From there the film moves to present day where Tony has found himself a nervous wreck since the alien invasion of New York City (ala “The Avengers”). Battling panic attacks and insomnia, he finds refuge in building Iron Man suits. Pepper (Gwyneth Paltrow), the cure to Tony’s past life of excess and carousing, begins to feel the effects of Tony’s emotional state. Aside from his personal troubles a Bin Laden-esque terrorist named The Mandarin (Ben Kingsley) has claimed responsibility for a series of deadly bombings. When Happy is seriously injured in one of those attacks an infuriated Tony calls The Mandarin out publicly. What follows leaves Tony alone, armorless, and presumed dead with only his brains, wits, and deductive skills to find The Mandarin and stop him.

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Robert Downey Jr. as Tony Stark

Shane Black directs and co-writes the story that tosses a lot at the audience. Killian pops back into picture in a much better physical condition than when we first see him. We also see Maya again and even though its a pretty small role she holds some rather important bits of information. Don Cheadle gets plenty of screen time as “Rhodey” who dons the more politically sensitive Iron Patriot armor. But everything comes back to Tony Stark and the movie really focuses on the man outside of the Iron Man suit. To some degree I enjoyed that and many have responded to the movie because it tries to look more at the man than the superhero. He’s forced to resort more to his inventive ingenuity much like in the early scenes of the first film.

But if I’m honest I have to say that I don’t know if that’s what I want from an Iron Man superhero movie. Don’t misunderstand me, I love the idea of giving the character some depth. The first film did that well. But considering how much time is spent with Tony outside of the armor, I didn’t feel his character was expanded that much. Downey Jr. certainly gives us another solid performance and I love him in this role. And while the more desperate tone did lessen the number of quick quips and smart-alecky jests, he still pulls in some good laughs especially when partnering with a precocious young boy (Ty Simpkins) who otherwise serves no other purpose than to play his cliched temporary sidekick.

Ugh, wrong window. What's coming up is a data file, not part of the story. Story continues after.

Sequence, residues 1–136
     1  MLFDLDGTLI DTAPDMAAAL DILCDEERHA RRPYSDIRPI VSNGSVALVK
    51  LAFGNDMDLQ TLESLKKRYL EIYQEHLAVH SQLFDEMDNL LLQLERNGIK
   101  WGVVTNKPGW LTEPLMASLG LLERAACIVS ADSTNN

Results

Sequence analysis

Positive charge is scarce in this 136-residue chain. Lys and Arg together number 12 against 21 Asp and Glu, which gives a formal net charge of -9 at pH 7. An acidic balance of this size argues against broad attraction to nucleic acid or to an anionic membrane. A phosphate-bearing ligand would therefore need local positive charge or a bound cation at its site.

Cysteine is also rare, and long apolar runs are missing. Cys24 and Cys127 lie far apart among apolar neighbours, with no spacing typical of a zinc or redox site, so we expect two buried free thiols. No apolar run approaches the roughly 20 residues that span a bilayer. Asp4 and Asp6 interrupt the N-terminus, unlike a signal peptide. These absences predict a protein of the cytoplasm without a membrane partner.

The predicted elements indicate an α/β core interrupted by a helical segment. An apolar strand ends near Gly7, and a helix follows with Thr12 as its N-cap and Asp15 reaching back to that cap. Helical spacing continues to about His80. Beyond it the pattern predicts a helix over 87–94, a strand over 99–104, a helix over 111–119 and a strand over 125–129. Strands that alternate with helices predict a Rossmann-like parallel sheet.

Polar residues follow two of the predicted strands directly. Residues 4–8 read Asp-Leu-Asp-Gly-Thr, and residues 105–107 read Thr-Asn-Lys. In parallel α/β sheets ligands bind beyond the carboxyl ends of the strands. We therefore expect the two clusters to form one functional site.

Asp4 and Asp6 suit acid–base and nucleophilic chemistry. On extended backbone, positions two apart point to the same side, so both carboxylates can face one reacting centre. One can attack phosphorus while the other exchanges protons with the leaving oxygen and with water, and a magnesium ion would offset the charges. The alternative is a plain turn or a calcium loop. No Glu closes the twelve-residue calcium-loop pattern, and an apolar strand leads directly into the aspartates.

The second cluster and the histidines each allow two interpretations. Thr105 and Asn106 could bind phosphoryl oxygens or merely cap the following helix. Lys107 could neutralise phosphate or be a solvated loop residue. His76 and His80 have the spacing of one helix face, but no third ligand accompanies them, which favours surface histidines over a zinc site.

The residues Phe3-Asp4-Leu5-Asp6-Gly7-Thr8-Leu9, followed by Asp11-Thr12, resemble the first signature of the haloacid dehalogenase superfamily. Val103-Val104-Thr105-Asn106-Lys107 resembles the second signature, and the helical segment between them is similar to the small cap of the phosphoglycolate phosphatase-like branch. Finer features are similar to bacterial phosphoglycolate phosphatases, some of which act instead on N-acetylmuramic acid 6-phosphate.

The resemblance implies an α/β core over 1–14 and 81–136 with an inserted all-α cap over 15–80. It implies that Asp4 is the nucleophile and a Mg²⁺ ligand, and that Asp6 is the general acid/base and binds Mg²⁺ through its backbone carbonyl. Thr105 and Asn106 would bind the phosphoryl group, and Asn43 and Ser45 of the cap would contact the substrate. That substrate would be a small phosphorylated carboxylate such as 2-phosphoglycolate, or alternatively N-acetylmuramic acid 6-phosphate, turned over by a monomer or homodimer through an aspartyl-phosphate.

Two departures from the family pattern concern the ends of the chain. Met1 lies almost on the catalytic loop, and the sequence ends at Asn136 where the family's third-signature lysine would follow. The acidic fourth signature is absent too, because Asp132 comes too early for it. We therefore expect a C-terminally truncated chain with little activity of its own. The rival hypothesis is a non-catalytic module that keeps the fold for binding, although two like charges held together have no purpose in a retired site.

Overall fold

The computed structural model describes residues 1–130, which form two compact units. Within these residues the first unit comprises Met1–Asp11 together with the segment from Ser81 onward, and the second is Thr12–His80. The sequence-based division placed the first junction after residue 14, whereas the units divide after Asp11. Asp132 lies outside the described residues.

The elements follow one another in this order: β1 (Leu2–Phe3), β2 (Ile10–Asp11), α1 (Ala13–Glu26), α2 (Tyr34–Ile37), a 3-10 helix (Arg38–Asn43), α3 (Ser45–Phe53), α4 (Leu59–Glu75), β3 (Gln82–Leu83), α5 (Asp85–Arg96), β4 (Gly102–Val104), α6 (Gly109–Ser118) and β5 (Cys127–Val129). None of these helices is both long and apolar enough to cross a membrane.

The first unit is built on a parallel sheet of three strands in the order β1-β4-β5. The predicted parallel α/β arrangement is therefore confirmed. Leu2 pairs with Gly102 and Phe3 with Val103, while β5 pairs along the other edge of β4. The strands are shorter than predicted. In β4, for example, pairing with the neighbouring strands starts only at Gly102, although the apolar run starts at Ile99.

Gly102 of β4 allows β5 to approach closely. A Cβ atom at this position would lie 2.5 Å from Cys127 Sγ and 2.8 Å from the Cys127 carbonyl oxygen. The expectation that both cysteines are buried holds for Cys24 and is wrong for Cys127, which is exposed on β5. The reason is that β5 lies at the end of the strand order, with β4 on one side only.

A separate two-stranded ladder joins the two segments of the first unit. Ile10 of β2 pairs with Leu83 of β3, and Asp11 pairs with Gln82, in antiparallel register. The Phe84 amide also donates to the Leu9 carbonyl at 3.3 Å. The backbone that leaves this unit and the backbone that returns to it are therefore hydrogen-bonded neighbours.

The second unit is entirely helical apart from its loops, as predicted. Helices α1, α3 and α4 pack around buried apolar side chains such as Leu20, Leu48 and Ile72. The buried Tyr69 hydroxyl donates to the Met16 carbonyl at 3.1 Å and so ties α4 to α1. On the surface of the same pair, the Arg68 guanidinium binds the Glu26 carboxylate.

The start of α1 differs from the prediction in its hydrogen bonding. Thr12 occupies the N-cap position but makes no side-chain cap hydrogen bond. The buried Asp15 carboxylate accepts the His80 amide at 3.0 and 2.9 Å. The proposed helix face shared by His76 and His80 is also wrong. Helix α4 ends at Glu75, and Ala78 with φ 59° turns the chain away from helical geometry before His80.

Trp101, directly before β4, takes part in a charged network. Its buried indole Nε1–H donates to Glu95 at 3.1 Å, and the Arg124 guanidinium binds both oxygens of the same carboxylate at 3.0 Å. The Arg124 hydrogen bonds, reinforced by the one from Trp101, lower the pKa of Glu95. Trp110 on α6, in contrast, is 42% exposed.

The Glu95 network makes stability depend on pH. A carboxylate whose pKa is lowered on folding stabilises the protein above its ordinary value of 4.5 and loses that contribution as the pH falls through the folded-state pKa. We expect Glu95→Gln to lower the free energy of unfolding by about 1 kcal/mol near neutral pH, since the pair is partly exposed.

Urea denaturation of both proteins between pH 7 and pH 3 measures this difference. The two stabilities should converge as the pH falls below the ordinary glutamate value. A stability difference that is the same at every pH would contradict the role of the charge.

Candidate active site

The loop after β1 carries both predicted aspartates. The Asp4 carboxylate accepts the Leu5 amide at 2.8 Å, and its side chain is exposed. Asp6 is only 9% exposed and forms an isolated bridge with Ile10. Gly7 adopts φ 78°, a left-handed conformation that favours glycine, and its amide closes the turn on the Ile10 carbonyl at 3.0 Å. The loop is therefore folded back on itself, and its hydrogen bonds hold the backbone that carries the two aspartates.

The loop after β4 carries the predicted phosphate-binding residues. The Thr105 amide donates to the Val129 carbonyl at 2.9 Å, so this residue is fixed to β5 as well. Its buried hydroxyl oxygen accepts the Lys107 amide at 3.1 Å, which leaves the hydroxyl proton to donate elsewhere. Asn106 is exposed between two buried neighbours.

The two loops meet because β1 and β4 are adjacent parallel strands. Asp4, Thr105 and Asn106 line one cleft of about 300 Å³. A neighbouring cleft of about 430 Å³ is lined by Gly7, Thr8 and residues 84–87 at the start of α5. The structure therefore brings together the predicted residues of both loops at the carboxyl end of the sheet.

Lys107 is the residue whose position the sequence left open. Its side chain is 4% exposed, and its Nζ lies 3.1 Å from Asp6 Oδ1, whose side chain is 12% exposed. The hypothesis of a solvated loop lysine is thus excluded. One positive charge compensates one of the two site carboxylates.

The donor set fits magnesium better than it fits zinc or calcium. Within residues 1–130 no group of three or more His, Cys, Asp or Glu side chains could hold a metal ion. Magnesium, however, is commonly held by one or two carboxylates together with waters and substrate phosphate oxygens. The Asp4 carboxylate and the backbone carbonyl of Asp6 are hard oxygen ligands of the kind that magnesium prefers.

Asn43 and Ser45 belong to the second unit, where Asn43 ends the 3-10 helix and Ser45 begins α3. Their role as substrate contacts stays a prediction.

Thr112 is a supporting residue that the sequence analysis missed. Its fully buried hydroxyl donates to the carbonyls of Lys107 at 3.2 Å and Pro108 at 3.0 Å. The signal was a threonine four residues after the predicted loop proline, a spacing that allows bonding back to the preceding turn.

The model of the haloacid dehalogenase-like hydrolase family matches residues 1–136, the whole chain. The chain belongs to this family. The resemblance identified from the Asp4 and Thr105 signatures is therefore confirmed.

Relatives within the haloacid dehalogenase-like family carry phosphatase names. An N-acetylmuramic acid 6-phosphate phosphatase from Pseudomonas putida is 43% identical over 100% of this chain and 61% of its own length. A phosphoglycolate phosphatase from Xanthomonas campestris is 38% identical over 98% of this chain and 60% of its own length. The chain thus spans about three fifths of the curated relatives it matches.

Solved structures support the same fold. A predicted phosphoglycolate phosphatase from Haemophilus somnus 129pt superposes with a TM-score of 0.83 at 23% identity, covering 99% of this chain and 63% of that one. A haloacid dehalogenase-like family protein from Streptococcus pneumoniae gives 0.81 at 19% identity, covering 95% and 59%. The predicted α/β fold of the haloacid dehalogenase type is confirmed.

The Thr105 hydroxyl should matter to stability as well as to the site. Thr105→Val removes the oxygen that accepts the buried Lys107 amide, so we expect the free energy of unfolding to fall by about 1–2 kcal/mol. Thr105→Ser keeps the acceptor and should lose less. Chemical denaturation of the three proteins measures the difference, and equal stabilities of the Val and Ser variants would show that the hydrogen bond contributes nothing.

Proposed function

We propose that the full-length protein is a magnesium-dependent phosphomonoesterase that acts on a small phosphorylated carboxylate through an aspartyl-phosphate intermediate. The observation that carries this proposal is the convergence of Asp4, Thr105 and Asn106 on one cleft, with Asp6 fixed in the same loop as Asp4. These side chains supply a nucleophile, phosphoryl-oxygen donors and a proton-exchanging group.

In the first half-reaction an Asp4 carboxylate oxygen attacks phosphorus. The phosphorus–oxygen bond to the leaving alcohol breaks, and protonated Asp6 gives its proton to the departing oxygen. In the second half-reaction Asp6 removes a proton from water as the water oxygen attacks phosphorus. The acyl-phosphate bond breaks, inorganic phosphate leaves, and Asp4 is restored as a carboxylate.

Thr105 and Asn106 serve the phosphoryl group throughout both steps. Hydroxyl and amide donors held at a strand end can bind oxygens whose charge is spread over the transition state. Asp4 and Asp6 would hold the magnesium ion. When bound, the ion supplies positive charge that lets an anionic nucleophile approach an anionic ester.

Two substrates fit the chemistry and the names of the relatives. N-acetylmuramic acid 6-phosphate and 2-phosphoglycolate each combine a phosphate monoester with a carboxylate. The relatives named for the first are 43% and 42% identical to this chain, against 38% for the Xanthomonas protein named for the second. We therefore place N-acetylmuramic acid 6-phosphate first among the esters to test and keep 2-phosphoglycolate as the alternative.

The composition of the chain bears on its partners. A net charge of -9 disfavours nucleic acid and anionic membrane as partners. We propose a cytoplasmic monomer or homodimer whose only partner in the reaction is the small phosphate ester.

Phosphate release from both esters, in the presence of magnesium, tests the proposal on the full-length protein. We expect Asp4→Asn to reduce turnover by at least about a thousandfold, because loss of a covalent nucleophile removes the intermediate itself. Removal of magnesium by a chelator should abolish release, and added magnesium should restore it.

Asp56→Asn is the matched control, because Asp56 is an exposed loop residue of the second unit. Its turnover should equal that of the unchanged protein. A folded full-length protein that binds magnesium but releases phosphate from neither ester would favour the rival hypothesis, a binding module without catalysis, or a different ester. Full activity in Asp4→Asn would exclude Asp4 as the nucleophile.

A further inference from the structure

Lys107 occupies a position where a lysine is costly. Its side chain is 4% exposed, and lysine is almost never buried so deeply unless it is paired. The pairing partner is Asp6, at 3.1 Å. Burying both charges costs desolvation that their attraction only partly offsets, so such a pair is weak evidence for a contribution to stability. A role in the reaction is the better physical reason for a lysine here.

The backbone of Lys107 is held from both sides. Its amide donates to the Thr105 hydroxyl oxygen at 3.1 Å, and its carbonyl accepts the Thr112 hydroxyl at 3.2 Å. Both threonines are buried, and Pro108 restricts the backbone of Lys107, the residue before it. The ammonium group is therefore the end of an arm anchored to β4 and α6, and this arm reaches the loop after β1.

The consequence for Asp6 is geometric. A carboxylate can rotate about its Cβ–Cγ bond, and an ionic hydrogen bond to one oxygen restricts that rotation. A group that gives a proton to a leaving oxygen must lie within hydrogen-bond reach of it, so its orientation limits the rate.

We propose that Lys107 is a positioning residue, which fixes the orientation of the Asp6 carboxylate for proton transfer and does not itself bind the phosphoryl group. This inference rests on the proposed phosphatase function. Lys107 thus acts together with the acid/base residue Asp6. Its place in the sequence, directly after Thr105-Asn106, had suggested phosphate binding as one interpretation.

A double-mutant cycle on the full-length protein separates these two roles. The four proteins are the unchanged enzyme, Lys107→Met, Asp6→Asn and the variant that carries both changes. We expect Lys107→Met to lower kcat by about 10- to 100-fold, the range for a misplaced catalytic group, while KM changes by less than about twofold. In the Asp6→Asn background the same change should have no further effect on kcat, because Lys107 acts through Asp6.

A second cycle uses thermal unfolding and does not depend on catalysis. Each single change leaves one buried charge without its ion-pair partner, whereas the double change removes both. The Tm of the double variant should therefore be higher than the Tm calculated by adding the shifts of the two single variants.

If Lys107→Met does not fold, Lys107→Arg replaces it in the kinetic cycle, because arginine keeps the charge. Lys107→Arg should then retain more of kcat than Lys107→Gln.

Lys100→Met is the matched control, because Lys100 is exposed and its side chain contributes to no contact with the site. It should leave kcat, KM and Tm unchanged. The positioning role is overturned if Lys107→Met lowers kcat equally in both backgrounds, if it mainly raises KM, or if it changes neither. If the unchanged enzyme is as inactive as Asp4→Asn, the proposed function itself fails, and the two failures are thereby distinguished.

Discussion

The film does have strong moments and it delivers some pretty hefty payoffs. The tension surrounding The Mandarin really works for most of the movie and there are some big time action sequences that visually blew my socks off. I also loved the work of Guy Pearce in a performance that he himself viewed as “experimental” in a sense. Rebecca Hall was also very good and she had me craving more screen time for her. In fact, the entire cast gives us some really good performances and even when the dialogue occasionally trips over itself they still impress.

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Ben Kingsley as The Mandarin

But I keep coming back to one thing, something stemming from a conscious choice of Shane Black. I wanted to see more of Iron Man in his armor and while the buddy cop elements with Rhodey and the super sleuth angle in small town Tennessee didn’t equal bad cinema, it did leave me anxious for a superhero film that I’m not sure ever came. I don’t want to leave the impression that we never see the armor, but even then many of those moments aren’t Tony Stark at all (I’ll leave it at that). Even with the number of wild explosions and hair-raising action scenes which I thoroughly enjoyed, the movie still didn’t feel quite like the second phase of Marvel’s movie universe.

And I can’t help myself, I have to mention another thing. This film takes Tony Stark and his Iron Man story far away from its comic book source material, farther than either of the other films. For many this is a non-issue, but for a fanboy who sees the original material as better, well let’s just say it’s a shame. And it’s not just the Tony Stark character who is altered. There’s a huge reveal in the second half of the film that obliterates a major part of Iron Man’s history. It’s pushed by some pretty lame attempts at comedy and it drains the film of one of its strongest story angles. Frankly, it didn’t work for me. Black and co-writer Drew Pearce’s choice for a twist combined with several plot holes and the typical maniacal world domination story was a surprising letdown.

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Yes, that’s Pepper Potts